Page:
Amazon could be forced to greatly changed its tax transparency policy due to pressure from its own shareholders. A group of investors have managed to get a resolution to vote at the next general meeting in which the tech giant is being urged to break down the financial and tax information it provides to markets by country.
This shareholder’s request comes at a time investors are increasingly demanding with governance policies companies and, in particular, the way large multinationals manage their tax payment policies wherever they operate.
Coupled with the agreement reached at the end of last year ina Organization for Economic Cooperation and Development (OECD) forcing big companies to pay minimum rate 15% in corporate tax from 2023. A proposal supported by more than 130 countries, including the United States.
In this context, Amazon’s general meeting of shareholders on May 25 will vote on a resolution requiring company boards of directors to issue tax transparency reports that follow the guidelines set by the Global Reporting Initiative (GRI) tax standards.
These new guidelines for the publication of corporate tax information, which come into effect on January 1, 2021, were designed by this independent international organization with the aim of creating a world standard that offers detailed information on the taxes paid by multinational corporations at the country level.
Detailed information by country
Compliance with this rule will force Amazon to make public information that was hitherto not included in its accountssuch as distribution of income between related companies and third parties or corporate taxes both accrued and paid in cash in each country.
The first asked Amazon to detail where it pays taxes and the amount it contributes in each country are the two investment funds, Catholic Missionary oblate Maria Immaculate y el británico Greater Manchester Pension Fund, according to the ‘Financial Times’ newspaper a few weeks ago.
Over the months, more and more shareholders have joined this petition and a decision will be made at the next shareholder meeting has received support from 24 institutional investors. Among them are several large fund managers such as Nordea or Royal London and several pension funds in Europe and the United States.
That The company has filed an application with the Securities and Exchange Commission (SEC) to refuse to include this resolution in the agenda of the meeting, on the grounds that taxation policy is a regular aspect of its activities and, therefore, there is no reason for them to submit to shareholder assessment.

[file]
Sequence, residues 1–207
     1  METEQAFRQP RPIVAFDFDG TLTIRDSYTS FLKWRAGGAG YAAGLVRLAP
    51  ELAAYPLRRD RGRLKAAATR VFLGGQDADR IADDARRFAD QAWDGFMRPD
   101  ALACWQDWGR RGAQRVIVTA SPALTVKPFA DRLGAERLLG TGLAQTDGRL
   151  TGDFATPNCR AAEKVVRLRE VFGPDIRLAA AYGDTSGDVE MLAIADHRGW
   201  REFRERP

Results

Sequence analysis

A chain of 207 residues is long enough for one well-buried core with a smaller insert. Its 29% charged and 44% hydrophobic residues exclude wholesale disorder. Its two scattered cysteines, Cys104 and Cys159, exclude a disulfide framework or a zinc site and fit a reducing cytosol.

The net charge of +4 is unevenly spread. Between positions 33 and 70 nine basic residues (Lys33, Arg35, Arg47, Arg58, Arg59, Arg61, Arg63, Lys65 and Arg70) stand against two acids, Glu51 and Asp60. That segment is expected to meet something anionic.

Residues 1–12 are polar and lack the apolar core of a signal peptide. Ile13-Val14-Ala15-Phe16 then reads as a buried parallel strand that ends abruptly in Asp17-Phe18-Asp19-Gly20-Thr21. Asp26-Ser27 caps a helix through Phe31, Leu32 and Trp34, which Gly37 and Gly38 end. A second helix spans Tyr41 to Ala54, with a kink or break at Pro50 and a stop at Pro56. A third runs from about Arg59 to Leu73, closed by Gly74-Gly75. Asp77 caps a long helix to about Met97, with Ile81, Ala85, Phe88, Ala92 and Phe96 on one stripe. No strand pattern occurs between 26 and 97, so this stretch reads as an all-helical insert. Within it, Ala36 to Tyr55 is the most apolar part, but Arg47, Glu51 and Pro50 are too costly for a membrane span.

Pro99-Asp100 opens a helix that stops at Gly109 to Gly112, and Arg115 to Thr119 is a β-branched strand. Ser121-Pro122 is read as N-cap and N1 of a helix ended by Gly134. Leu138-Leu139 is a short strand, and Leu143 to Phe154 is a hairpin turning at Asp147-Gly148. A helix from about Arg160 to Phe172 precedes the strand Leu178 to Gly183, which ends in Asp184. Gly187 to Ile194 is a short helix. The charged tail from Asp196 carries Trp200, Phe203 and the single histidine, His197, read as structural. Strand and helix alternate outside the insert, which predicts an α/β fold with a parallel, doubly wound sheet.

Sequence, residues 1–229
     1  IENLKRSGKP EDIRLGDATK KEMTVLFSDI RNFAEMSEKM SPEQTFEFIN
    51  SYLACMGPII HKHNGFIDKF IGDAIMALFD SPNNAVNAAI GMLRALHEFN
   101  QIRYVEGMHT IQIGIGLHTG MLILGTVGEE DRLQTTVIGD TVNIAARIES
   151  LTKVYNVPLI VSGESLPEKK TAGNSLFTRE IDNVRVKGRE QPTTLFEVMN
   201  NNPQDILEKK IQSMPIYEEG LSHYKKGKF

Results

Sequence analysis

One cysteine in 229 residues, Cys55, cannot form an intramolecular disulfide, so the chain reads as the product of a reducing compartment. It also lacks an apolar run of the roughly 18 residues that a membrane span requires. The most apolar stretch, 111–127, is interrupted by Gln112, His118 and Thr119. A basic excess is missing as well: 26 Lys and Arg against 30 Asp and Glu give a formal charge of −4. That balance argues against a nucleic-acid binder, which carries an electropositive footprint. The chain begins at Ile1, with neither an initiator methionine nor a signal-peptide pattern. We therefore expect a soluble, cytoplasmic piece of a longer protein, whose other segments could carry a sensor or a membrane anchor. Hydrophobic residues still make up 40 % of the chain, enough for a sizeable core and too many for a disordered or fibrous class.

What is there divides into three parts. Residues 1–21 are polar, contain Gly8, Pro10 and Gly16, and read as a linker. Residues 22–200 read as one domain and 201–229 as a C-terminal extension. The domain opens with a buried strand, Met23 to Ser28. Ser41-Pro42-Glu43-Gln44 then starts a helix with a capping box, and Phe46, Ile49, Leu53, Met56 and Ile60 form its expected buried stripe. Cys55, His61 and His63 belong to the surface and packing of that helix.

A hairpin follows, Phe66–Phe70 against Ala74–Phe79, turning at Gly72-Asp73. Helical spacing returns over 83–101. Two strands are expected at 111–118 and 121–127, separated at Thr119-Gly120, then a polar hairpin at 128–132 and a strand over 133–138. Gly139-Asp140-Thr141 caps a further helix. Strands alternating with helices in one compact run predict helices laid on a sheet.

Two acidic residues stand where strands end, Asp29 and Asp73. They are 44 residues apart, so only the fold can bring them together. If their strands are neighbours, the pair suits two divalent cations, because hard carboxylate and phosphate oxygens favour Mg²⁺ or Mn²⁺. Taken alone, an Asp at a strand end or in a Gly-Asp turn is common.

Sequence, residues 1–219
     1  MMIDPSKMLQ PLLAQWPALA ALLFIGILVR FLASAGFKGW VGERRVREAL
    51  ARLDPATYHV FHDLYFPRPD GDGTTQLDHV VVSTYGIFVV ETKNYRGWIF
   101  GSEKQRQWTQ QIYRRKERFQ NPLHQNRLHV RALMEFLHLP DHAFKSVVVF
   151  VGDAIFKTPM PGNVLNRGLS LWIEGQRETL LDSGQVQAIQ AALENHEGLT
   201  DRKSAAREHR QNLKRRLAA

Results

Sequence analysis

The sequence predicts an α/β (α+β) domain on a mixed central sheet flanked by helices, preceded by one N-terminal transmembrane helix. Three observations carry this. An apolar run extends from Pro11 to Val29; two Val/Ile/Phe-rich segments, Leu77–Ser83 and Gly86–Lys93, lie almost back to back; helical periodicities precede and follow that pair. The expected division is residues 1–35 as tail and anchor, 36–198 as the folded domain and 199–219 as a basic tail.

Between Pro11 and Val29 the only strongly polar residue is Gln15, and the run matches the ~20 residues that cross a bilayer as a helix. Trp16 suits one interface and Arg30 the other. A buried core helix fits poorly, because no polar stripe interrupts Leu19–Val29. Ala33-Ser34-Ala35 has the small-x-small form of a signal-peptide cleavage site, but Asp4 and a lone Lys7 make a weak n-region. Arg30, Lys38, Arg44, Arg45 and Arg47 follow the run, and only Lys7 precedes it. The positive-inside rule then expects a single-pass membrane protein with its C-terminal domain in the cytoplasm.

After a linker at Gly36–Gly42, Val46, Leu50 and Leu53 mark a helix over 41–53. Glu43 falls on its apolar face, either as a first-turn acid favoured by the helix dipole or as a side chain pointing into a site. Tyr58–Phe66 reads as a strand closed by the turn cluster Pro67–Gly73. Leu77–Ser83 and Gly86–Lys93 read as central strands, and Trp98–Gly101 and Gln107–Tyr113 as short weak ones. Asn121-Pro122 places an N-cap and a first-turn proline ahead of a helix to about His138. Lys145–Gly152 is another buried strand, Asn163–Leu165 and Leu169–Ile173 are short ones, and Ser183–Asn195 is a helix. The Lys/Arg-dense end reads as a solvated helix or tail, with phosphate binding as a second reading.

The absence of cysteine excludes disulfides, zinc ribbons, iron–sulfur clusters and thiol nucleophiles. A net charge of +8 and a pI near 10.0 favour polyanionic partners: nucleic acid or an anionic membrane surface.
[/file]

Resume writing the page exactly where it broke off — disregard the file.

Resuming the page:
Moreover, according to the ‘Financial Times’, the company states that in its publication of its quarterly and annual results it has provided “extensive and detailed information” on your tax contributions, as well as in countries such as the United States, United Kingdom, Italy, France and Spain, it breaks down the total tax paid.
Regardless of the argument, US regulators have sided with shareholders and has decided in favor of the resolution that was ultimately voted upon at the next meeting to urge companies to provide financial information broken down by country.
According to credit rating agency Moody’s, this means that for the first time shareholders will be given the right to suppress their company to disclose its tax payment policies beyond those required by US General Accounting Principles.
In fact, his opinion differs from that recently expressed by the United States Financial Accounting Standards Board, which does not see the need for corporate financial information to be disclosed on a country-by-country basis, despite massive support. from investors.
Moody’s points out that, if this shareholder proposal goes ahead, bets will be open to greater fiscal transparency at the tech giant. If the resolution is approved, it will provide significant details of the important line items in the financial statements.
On the other hand, the agency also claims that would be a “positive” thing for Amazon’s credit rating. “We fully support the demand for further disaggregation of tax payment information, as we believe it improves the overall quality of credit analysis,” he said.
In this sense, it specifies that in the case of multinationals, the lack of disaggregated information about tax payments makes it difficult to know how it affects your credit reputation. Currently, it only requires a division into two categories, domestic and foreign, “which leaves investors clueless about the company’s specific exposure abroad.”
According to him, from a financial point of view, tax payments are relevant for credit analysis when they are unsustainable or reveal major surprises, generally due to negative tax resolutions that can lead to a significant loss of liquidity. A risks that are impossible to assess when the company does not provide information about a particular country where they operate.
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